Mayor London Breed on Thursday had lunch at One Market, in part symbolically to encourage San Franciscans to support the local economy and keep patronizing businesses, even as they practice varying degrees of social distancing — though everyone will need to decide for themselves what risks they are willing to take.
The mayor's downtown lunch comes just a day after she announced measures to support small businesses in San Francisco that may already or soon be suffering due to coronavirus fears and work-from-home mandates.
"It’s important that people follow the public health recommendations to disrupt the spread of COVID-19 in our communities,” said Mayor Breed. “We know these recommendations are disruptive to the lives of everyone in our City, but they will help slow the spread of this disease. Unfortunately, that means that many of our small businesses are feeling the economic impact of people staying home and not shopping or going out to eat."
Breed's measures include giving small businesses the opportunity to defer their local business taxes, and setting up a fund to provide immediate grants to some struggling businesses — the fund will have an initial investment of $1 million to provide up to 100 businesses with grants of $10,000 each in immediate relief. On Wednesday, several SF supervisors also proposed measures to help workers and small businesses, including a possible line of credit to extend no-interest loans to small businesses in danger of closing.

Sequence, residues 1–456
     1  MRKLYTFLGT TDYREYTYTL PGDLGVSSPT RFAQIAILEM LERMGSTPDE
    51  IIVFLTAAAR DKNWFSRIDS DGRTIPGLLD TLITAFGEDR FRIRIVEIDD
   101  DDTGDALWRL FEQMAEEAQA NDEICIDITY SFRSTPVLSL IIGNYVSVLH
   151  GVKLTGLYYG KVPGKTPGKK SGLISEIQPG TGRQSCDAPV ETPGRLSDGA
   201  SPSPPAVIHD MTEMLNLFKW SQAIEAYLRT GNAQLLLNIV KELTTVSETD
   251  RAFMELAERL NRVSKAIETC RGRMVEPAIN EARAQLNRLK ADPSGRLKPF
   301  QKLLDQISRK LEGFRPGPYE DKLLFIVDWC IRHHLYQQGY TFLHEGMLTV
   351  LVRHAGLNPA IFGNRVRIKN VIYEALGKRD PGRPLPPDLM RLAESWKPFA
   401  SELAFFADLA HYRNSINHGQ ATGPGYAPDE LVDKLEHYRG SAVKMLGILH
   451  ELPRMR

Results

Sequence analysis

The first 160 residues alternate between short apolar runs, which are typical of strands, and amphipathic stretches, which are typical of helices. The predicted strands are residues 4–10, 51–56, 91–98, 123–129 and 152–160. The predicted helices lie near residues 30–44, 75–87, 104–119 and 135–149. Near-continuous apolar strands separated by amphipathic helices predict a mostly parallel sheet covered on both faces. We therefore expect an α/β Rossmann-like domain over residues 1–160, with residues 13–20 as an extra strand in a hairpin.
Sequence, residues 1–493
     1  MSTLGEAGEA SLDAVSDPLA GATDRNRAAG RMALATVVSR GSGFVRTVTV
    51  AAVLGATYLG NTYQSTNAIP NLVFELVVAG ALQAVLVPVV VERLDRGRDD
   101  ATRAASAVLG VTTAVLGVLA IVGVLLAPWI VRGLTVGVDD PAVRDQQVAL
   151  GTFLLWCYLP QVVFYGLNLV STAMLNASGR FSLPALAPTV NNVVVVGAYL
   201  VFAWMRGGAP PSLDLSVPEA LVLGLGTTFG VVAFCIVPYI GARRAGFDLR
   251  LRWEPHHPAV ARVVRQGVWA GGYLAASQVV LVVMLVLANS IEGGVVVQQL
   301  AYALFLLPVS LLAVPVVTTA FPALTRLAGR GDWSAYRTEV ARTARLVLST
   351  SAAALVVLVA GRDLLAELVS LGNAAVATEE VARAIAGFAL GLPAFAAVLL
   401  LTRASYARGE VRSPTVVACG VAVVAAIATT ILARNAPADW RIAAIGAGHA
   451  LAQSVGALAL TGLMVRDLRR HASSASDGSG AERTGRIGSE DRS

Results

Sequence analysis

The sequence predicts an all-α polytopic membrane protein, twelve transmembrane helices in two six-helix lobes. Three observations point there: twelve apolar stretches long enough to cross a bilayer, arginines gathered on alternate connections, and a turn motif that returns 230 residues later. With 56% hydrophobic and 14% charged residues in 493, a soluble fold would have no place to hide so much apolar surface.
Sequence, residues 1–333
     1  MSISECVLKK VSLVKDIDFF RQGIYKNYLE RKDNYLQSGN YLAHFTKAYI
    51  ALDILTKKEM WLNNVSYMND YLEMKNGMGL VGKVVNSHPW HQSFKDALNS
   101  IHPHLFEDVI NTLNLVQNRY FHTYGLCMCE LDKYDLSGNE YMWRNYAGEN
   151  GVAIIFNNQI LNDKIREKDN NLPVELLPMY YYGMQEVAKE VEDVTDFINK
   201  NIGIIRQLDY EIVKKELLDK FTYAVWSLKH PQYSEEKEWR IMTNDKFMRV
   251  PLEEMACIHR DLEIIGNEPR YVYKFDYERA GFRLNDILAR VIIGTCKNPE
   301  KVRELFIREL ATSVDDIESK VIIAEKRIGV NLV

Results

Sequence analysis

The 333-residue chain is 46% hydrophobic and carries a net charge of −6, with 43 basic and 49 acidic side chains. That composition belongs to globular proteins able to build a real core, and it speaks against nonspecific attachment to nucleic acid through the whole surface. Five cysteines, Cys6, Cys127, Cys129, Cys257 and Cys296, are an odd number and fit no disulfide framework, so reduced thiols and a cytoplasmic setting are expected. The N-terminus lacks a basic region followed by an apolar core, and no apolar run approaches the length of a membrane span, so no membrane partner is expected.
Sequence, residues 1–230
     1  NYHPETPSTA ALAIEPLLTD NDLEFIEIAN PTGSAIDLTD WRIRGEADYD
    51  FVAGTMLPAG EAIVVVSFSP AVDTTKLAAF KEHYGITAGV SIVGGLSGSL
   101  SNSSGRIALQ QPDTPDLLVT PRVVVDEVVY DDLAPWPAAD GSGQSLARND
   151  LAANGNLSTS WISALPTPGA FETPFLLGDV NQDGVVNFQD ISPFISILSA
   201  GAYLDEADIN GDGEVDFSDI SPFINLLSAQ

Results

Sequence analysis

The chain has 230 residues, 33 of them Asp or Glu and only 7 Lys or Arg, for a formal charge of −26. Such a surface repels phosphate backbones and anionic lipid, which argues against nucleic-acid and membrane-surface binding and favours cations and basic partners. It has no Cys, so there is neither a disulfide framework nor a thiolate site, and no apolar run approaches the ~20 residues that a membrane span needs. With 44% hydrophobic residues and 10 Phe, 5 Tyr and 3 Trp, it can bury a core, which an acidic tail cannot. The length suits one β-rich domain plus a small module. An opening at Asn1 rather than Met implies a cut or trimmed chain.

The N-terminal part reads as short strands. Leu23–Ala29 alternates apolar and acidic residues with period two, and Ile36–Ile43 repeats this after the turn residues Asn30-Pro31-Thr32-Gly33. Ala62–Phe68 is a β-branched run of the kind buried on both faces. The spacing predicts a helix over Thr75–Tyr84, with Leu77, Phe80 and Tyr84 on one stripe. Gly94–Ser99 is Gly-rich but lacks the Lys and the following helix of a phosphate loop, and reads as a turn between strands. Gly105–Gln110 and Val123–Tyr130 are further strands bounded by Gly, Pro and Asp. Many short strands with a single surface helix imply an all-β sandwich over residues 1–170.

In a statement from One Market, the restaurant says, "Our hope is that others will follow in [Mayor Breed's] lead and eat responsibly at those restaurants that are adjusting their services to best prevent transmission while allowing guests to still enjoy their favorite dining experiences."
Officially, it's being recommended by public health officials that people maintain six feet between themselves and strangers in public spaces, and House Speaker Nancy Pelosi today suggested that people give up fist-bumping and elbow-bumping and instead just bow to each other "eastern style."
South Bay Michelin-starred restaurant The Plumed Horse is taking this seriously by removing half of its tables so that diners can all eat six feet from other tables. And in the case of one Oakland restaurant, as Eater reports, they're suspending all on-site dining temporarily and pivoting to takeout only.
Also, Eater has published a set of common-sense guidelines for safely dining out, which begin with assessing one's own personal risk, and whether one is in a "high-risk area" for contracting the virus.